New England

March, 2012
Regional Report

Let Garden Soil Dry Out

Don't be too eager to get out digging in the garden on the first warm days of spring. Tilling or digging in the garden when the soil is too wet will destroy its structure and leave you with a compacted mess. To test if soil is dry enough, squeeze a handful. If it sticks together in a tight ball, let the soil dry out some more before working. If the ball of soil breaks apart easily when given a gentle poke, it's ready for digging.

Start Vegetable Seeds

Depending on your location, it is time -- or soon will be-- to start seeds of many vegetable crops. Start eggplant and pepper seeds about 8 weeks before your last frost date, tomato seeds 6-8 weeks before. Broccoli, cabbage, and cauliflower seeds can be started 4-6 weeks before they can go into the outdoor garden, which is two weeks before the last frost date for broccoli and cauliflower; up to four weeks before for hardy cabbage.

Harden Off Seedlings

Be sure to harden off your homegrown seedlings before setting them out in the garden. Gradually expose them to the cooler temperatures and higher light intensity of the open garden by setting them out in a more and more exposed location for increasing periods of time over the course of a week or two before planting. When you purchase seedlings grown in a greenhouse, be sure to follow this same procedure.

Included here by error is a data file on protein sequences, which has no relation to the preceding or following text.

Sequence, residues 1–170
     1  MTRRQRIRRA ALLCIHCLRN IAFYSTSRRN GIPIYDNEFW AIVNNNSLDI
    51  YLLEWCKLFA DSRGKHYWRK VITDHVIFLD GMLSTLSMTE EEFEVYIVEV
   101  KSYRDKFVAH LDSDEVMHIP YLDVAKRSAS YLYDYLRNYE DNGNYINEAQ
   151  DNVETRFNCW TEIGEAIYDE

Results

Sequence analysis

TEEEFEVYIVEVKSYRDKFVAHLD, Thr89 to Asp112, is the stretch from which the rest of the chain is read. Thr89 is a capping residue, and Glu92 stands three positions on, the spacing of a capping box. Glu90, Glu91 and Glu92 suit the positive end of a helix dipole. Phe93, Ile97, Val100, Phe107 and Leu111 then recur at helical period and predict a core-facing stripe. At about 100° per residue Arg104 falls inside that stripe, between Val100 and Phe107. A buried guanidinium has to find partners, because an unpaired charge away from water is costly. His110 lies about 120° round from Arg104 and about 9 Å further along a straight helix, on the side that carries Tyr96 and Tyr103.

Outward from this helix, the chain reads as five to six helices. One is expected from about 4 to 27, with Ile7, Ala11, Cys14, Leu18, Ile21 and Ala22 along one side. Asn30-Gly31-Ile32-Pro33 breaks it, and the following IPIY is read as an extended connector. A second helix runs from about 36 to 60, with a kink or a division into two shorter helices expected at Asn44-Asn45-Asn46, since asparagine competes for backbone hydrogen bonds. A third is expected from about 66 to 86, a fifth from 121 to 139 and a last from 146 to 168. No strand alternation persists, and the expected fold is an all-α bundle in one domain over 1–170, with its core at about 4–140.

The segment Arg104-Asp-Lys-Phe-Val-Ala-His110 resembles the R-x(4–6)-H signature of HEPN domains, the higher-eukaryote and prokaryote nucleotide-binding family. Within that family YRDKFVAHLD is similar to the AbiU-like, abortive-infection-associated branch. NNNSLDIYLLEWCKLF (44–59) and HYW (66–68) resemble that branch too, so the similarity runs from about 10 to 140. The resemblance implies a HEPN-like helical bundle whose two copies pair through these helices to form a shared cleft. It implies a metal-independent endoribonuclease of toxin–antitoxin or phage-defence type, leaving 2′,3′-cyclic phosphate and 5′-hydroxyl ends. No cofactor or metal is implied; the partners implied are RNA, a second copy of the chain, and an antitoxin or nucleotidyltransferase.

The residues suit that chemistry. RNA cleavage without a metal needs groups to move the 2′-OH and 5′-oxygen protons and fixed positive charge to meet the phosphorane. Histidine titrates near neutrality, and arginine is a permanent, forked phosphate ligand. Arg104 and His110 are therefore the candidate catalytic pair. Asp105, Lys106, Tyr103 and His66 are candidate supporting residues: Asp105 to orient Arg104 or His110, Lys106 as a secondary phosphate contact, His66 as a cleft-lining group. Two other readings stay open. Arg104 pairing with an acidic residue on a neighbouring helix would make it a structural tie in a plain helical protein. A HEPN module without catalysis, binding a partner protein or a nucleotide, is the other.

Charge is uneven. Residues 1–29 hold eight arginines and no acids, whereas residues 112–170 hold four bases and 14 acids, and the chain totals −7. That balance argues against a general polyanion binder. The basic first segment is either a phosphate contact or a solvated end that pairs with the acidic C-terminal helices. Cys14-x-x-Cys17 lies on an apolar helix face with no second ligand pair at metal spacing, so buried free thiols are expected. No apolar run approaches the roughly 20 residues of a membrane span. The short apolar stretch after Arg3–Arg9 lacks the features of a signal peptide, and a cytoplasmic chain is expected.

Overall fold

Pull Back Mulch Gradually

Pull back mulch covering the crowns of perennials gradually as the weather warms, taking care not to injure any new growth that is sprouting. Be ready to pull some back over plants if a sharp dip in temperatures is forecast.

Prune Summer-Blooming Shrubs

Summer blooming shrubs like rose-of-Sharon, panicle and smooth hydrangea, and Japanese spirea all bloom on new wood, so the time to prune them is in early spring before the new growth begins. Wait to prune spring bloomers until after they flower.

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